Washington-based journalist Daniel S. Greenberg (The Politics of Pure Science) delves further into his favorite issue in Science, Money, and Politics: Political Triumph and Ethical Erosion. Debunking science industry and policy myths left and right, Greenberg combines archival research and interviews with scientists and politicians in the know to explore why and how research has happened in the postwar U.S. "[B]ecause the politics of science is registered in money awarded or denied... [m]oney will serve as a diagnostic tool for our study," says Greenberg. He goes on to describe the sycophancy, backbends and, sometimes, dishonesty practiced by researchers, and the willingness of some government scientists to keep their mouths shut when it behooves their bosses. A disturbing, compelling and well-researched conspiracy story of the "I knew it!" variety.

Copyright 2001 Cahners Business Information, Inc.

--This text refers to the Hardcover edition.

More About the Author

Daniel S. Greenberg is a Washington-based journalist who has recently turned to fiction after a long career writing about science policy and politics. He is the author of three non-fiction books, "The Politics of Pure Science," "Science, Money, and Politics," and "Science for Sale," all published by the University of Chicago Press. His novel, "Tech Transfer: Science, Money, Love, and the Ivory Tower," published in 2010, was described by the New York Times as "a hilarious" and "mordant satire about scientists and universities and how they do business." (NY Times, Science section, book review, May 25, 2010).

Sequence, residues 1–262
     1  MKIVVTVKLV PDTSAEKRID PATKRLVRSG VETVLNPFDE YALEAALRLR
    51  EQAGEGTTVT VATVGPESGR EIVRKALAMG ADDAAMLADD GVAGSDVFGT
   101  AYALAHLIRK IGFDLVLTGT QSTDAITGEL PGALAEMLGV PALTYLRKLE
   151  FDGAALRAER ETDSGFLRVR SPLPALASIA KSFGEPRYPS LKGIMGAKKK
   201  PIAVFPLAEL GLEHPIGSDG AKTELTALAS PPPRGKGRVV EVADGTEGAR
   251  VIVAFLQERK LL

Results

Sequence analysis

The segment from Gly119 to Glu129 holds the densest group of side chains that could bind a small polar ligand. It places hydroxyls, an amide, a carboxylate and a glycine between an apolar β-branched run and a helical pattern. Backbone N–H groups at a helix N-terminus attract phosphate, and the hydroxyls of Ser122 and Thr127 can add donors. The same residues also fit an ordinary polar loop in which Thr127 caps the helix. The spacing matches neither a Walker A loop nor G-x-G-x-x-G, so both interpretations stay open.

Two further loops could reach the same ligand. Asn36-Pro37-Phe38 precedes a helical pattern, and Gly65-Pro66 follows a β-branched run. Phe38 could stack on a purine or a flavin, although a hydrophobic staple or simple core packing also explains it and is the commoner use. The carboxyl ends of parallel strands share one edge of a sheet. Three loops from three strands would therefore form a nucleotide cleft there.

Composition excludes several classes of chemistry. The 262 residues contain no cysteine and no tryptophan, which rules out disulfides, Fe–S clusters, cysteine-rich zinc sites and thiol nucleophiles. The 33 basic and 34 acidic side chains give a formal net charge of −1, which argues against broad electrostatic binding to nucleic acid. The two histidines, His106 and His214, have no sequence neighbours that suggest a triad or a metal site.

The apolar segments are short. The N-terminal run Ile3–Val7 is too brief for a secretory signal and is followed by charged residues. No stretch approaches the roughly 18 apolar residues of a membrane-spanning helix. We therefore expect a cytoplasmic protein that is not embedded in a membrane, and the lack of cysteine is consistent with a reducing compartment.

Greenberg has served as a reporter for the Washington Post, as news editor of Science magazine, and as a columnist for the New England Journal of Medicine and The Lancet. For many years, he wrote an op-ed column that appeared in the Washington Post and other newspapers, and contributed to many publications, including the New York Times, the Economist, Harper's, Smithsonian, Nature, and The Chronicle of Higher Education. He founded and for 25 years edited Science & Government Report, an international newsletter which was acquired by John Wiley & Sons in 1997. Greenberg has held appointments as a Congressional Fellow of the American Political Science Association, Visiting Scholar in the History of Science, Medicine, and Technology at Johns Hopkins University and as a Guest Scholar at the Brookings Institution, and has been awarded research grants by the Carnegie Corporation, the Alfred P. Sloan Foundation, and the Robert Wood Johnson Foundation. Born and raised in New York City, he is a graduate of Columbia University and served as a naval officer prior to beginning his career in journalism.